Intimate Technology?

Literature, Reading and the Argumentation Defending Book and Print

How to Cite

Joensuu, J. (2005). Intimate Technology? Literature, Reading and the Argumentation Defending Book and Print. M/C Journal, 8(2).
Vol. 8 No. 2 (2005): 'print'
Published 2005-06-01


Usually, when reading or literature is being discussed, the contents of that discussion (like themes, symbols, poetic means, etc.) are focused. The humanities or academic criticism have rarely drawn their attention to the material media of literature. However, in recent years some of the conversation concerning literature has shifted the focus from contents to the material side. It has been a matter of working in a good cause: this conversation has been aroused by digital culture and its fearsome threat to print culture and books in general.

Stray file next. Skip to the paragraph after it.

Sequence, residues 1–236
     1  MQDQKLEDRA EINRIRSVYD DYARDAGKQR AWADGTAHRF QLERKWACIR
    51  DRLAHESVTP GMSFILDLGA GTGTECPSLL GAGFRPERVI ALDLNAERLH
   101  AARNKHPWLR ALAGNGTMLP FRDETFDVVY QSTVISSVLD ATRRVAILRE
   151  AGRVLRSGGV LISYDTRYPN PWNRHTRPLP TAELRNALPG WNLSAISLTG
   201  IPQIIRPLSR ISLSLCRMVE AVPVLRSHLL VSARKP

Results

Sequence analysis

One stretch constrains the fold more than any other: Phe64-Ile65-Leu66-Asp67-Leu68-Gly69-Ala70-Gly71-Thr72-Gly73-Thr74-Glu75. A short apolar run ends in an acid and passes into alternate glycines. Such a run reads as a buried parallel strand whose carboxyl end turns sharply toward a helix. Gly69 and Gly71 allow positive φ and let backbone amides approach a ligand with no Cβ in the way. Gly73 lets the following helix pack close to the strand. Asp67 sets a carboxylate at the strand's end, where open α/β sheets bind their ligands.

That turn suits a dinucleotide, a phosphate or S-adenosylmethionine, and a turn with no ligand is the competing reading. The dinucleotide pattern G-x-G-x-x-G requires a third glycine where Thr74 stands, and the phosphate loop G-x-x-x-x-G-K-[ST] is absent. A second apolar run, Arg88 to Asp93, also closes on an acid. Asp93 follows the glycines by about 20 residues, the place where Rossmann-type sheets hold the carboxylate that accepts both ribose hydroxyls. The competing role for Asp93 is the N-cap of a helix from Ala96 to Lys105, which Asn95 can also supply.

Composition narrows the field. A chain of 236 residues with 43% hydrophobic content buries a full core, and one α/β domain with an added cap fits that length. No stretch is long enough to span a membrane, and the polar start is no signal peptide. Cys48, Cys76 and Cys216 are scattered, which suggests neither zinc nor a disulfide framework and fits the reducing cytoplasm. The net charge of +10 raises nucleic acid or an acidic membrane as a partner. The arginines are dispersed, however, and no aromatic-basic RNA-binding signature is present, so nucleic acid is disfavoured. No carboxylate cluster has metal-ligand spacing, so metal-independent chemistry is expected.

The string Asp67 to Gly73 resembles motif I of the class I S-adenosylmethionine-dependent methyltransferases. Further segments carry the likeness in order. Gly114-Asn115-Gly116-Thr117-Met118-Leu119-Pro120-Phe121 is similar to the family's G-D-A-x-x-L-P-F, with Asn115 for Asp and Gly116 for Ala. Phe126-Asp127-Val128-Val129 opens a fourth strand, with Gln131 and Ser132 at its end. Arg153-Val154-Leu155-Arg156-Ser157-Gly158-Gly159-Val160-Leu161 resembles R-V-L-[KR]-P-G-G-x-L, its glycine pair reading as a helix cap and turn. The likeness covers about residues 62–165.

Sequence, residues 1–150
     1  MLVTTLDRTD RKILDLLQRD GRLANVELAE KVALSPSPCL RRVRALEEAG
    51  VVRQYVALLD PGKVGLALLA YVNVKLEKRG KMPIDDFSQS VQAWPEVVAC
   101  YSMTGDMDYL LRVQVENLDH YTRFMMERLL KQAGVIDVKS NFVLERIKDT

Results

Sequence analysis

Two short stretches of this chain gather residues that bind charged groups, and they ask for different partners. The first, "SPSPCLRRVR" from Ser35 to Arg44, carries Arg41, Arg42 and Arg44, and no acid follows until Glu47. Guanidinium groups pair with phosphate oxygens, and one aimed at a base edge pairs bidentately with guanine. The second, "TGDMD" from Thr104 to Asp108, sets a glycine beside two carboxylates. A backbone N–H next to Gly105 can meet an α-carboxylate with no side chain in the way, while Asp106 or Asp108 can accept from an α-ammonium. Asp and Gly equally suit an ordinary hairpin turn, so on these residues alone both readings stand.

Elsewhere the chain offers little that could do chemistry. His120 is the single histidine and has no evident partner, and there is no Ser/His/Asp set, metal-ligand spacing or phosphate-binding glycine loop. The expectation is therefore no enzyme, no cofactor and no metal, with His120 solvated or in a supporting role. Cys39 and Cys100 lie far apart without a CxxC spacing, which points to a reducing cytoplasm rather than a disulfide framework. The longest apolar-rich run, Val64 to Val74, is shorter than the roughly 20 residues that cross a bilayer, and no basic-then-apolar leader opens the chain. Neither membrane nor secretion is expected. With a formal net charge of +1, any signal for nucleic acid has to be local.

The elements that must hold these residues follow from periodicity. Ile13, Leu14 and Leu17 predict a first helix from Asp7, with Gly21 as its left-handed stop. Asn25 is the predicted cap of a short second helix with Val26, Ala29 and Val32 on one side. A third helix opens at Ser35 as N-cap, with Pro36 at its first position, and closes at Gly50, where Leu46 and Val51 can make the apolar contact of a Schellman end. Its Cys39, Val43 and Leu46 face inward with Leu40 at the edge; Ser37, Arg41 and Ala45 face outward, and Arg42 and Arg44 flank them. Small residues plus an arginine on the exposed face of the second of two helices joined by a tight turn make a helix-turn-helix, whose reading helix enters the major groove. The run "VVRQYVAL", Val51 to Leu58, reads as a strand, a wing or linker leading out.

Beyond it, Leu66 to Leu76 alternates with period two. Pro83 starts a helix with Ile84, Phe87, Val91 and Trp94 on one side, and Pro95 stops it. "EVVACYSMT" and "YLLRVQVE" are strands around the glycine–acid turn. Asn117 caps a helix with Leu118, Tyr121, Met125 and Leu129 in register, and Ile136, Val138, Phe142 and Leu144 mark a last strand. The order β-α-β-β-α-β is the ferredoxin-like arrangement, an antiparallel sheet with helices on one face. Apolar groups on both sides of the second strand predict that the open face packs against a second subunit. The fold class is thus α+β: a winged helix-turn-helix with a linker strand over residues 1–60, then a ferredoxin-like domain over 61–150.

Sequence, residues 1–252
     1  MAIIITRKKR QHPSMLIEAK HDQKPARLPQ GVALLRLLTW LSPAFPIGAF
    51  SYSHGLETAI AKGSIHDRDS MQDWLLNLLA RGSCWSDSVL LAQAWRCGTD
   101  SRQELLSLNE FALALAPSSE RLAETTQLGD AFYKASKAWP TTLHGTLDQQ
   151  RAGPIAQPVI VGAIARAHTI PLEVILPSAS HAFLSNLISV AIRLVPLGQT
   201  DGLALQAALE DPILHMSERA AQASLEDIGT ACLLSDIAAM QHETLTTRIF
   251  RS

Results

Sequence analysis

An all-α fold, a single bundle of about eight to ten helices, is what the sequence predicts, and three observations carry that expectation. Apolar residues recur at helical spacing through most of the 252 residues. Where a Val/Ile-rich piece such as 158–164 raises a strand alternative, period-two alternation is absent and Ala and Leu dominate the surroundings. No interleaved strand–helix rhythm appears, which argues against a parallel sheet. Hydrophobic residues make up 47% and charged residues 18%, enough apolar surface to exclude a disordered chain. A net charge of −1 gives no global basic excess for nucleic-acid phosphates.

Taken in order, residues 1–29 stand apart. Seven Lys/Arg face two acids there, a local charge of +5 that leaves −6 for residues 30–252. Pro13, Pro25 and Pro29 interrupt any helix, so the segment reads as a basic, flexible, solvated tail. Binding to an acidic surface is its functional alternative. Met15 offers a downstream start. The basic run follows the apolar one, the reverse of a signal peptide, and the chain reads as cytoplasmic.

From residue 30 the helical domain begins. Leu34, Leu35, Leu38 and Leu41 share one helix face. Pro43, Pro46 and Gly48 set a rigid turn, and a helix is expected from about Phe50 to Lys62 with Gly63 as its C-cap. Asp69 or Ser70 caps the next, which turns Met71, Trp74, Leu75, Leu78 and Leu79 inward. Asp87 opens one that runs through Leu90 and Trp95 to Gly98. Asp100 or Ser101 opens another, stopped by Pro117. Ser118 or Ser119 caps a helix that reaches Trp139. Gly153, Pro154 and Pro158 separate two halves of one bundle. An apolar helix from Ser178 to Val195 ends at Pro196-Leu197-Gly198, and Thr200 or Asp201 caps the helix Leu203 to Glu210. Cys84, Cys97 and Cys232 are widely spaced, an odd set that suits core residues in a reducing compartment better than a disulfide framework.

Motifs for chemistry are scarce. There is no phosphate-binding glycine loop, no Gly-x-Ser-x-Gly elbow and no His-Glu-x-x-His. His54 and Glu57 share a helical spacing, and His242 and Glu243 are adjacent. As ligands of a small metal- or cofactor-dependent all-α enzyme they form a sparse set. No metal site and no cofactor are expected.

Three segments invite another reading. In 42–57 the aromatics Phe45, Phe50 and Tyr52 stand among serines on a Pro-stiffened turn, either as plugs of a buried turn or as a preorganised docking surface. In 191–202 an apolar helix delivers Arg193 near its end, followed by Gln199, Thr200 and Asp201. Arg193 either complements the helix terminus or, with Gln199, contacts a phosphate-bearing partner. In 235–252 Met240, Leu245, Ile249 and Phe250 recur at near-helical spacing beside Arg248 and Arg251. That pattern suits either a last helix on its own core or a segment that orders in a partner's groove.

It is evident that digitalization has given rise to a certain rhetorical system among the defenders of the traditional book and print. These are easily distinguished in discussions dealing with the advantages and favoured traits of print and book. This kind of traditionalist argumentation is based firstly on the claimed interruption and deep differences between print culture and digital culture. Secondly, it emphasizes the emotional and sensual factors of reading and tends to adore books as objects, and – third – by doing that, it also takes a somewhat nostalgic or mystifying approach to reading fiction.

Because inventing neologisms is always amusing, this rhetorical system could be called intimism. The new word is coined from ‘intimacy’ and ‘intimate’, because the print-defending arguments always reduce their main idea to thoughts of close, warm, private, safe, and familiar nature of reading.